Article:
Some of the new rabbis have had multifaceted careers. Ahuvia holds two master’s degrees, in Judaic studies and journalism, from the University of Michigan. Gutmann spent three years in banking and marketing before starting rabbinical school. Brudney has worked as a song leader and spiritual counselor. Kantor has been a chaplain and a campus Hillel rabbi.
Dozens of community members served on the search committees aiming to find the perfect fit for their congregations.
Temple Beth El’s search committee interviewed more than a dozen practicing rabbis and 30 HUC-JIR seniors before choosing Brudney, said Beth El President Jordon Wertheimer of Franklin. She “immediately stood out to us as a rabbinic star in the making. Her enthusiasm for life, Judaism and people of all backgrounds is tremendous.”
Several noted that the new rabbis’ first months have confirmed their confidence that they made the right choice.
Shir Tikvah’s search committee worked for 10 months before settling on Ahuvia. “In her first month as rabbi, Shir Tikvah members can already see how what she brings to Congregation Shir Tikvah resembles many of the great traits of Rabbi Arnie [Sleutelberg], while also presenting strengths that will lead the congregation into a new, meaningful and exciting Jewish future,” said Shir Tikvah President Rich Spitzer of Troy.
“During the interview process at Temple Kol Ami, Rabbi Gutmann kept impressing upon us the importance of congregational engagement and, in his first month on the job, his outreach, which included a congregational barbecue at his house, has already endeared him to the Kol Ami family,” said Co-President Paul Gross of Farmington Hills.
Rabbis Welcome Rabbis
The community’s more seasoned rabbis are happy to have such an infusion of new blood.
“We are thrilled to have so many new rabbis to the Metro Detroit area this year,” said Rabbi Marla Hornsten of Temple Israel, president of the Michigan Board of Rabbis. “They bring an energy and enthusiasm to the community, with new ideas, new stories, a fresh perspective.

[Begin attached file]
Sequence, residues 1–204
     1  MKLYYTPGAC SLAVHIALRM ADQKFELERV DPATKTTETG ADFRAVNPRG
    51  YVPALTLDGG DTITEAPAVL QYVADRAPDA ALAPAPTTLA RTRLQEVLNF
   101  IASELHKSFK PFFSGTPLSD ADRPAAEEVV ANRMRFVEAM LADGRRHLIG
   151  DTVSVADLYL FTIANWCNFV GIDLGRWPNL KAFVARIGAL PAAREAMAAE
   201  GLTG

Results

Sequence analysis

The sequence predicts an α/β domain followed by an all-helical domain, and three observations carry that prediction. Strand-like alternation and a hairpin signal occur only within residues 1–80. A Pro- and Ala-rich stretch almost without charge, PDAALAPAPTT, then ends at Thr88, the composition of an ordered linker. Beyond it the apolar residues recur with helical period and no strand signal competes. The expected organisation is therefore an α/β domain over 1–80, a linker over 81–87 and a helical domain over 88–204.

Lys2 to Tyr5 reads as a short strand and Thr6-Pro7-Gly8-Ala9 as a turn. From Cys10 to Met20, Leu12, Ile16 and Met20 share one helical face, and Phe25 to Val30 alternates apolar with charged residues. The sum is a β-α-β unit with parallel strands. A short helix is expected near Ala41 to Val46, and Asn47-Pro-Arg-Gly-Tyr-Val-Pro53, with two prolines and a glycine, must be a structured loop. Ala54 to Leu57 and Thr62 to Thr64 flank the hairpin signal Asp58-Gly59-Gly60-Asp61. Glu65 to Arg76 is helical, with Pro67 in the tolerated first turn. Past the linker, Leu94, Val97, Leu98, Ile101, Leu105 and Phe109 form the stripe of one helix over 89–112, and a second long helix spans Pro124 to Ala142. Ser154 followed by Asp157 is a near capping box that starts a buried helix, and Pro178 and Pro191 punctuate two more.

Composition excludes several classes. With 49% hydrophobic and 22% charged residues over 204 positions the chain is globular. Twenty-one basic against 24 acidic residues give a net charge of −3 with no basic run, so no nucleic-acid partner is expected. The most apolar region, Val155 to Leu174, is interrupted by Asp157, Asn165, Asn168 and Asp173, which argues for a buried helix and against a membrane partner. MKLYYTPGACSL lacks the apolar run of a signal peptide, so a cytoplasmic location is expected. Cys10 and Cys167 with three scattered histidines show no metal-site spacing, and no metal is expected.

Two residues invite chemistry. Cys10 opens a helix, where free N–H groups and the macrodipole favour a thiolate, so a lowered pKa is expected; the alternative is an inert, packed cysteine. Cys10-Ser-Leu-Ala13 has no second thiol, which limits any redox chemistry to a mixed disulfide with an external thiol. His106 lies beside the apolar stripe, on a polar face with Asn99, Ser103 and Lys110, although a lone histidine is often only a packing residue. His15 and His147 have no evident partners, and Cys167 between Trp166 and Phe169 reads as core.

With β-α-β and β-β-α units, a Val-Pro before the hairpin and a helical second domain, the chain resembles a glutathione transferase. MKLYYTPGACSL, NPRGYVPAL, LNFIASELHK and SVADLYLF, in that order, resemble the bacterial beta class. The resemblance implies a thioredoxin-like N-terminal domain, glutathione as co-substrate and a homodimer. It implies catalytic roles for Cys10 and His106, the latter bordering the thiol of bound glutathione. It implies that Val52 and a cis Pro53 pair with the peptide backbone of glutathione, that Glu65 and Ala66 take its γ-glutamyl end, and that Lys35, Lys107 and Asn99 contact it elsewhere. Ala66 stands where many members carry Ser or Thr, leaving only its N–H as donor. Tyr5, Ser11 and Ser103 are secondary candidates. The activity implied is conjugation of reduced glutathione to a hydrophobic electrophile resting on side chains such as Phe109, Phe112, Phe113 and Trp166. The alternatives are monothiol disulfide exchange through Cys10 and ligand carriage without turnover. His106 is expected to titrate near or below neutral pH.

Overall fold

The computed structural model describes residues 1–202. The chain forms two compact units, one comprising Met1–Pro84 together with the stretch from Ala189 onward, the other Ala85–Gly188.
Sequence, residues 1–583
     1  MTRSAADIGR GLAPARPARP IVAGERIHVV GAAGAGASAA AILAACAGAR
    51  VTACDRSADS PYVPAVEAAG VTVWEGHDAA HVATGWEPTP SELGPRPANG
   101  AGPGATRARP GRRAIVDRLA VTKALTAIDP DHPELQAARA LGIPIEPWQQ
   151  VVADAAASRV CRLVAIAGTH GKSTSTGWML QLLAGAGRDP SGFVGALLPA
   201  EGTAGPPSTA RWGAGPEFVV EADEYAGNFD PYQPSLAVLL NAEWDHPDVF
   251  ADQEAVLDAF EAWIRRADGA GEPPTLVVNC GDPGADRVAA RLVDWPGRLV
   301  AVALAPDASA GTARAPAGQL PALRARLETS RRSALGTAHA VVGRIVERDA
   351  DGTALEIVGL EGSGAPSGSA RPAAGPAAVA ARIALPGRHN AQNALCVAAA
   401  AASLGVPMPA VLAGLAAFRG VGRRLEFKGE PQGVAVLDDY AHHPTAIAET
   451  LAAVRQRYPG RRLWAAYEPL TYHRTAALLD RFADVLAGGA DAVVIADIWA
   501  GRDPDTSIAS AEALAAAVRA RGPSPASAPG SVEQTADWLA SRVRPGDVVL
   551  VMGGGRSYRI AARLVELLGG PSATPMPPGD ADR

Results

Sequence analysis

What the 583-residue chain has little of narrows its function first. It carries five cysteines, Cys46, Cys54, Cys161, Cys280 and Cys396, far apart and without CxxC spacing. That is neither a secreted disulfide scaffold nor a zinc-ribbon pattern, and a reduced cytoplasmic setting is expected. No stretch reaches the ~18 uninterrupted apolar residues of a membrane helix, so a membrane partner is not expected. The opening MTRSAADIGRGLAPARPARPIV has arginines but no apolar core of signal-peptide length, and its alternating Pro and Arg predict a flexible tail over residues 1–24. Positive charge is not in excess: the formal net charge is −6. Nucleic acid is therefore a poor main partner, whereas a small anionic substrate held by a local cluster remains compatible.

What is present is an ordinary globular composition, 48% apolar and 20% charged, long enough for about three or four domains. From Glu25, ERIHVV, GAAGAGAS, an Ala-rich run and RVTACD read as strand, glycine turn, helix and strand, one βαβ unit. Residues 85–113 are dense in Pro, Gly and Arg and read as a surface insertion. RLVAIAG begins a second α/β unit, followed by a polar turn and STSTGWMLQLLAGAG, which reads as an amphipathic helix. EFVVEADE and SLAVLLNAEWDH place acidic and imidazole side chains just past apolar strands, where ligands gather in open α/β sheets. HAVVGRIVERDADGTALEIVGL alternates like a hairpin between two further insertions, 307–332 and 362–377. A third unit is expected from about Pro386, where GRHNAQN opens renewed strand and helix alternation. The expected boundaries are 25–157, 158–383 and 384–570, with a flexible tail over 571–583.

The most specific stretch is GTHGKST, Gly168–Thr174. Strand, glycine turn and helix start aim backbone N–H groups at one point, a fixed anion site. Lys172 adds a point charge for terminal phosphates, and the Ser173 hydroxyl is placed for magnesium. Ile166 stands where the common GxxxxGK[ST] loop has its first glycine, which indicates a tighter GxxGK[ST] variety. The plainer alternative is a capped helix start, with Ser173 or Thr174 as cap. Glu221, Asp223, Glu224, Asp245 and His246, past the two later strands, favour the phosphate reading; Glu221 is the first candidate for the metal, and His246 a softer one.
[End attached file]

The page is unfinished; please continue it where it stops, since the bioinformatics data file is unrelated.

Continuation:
“It’s invigorating, like meeting a new friend or having a new chevruta [study] partner who encourages you and challenges you in exciting ways.”
Hornsten said the influx is a reflection of a revitalized and reinvented city. “It is an exciting time to be a rabbi in Detroit,” she said.
Her Temple Israel colleague Harold Loss said the fact the area needs additional rabbinic support is a good sign. Each of the new rabbis brings unique skills and talents, he said, which will help make Detroit the finest Jewish community in the country. Loss hosted a dinner for the new rabbis
Dan Horwitz, rabbi of The Well, a non-congregational Jewish outreach effort, is one of the younger “senior” rabbis in town. He said the entire community will benefit from the new rabbis’ enthusiasm and new ideas. He noted that the new rabbis are incredibly lucky to be able to learn, as he has, from the community’s more seasoned clergy.
“The new rabbis coming to our community don’t yet realize how fortunate they are,” agreed Rabbi Steven Rubenstein of Congregation Beth Ahm in West Bloomfield. “The Metro Detroit Jewish community is a wonderful community, and their presence here is sure to strengthen us all.”
Rabbi Robert Gamer of Congregation Beth Shalom in Oak Park said, “Whenever there are new rabbis, I think there is a general excitement because they bring new ideas and new ways of doing things — not that the ways of previous rabbis were not effective, but it is a change of pace.”
By Barbara Lewis, Contributing Writer
Vivian Henoch contributed to the rabbi bios. Her full story can be seen at myjewishdetroit.org, where she is editor. John Hardwick of the Jewish Federation of Metropolitan Detroit graciously contributed his photos of the rabbis on the JN cover.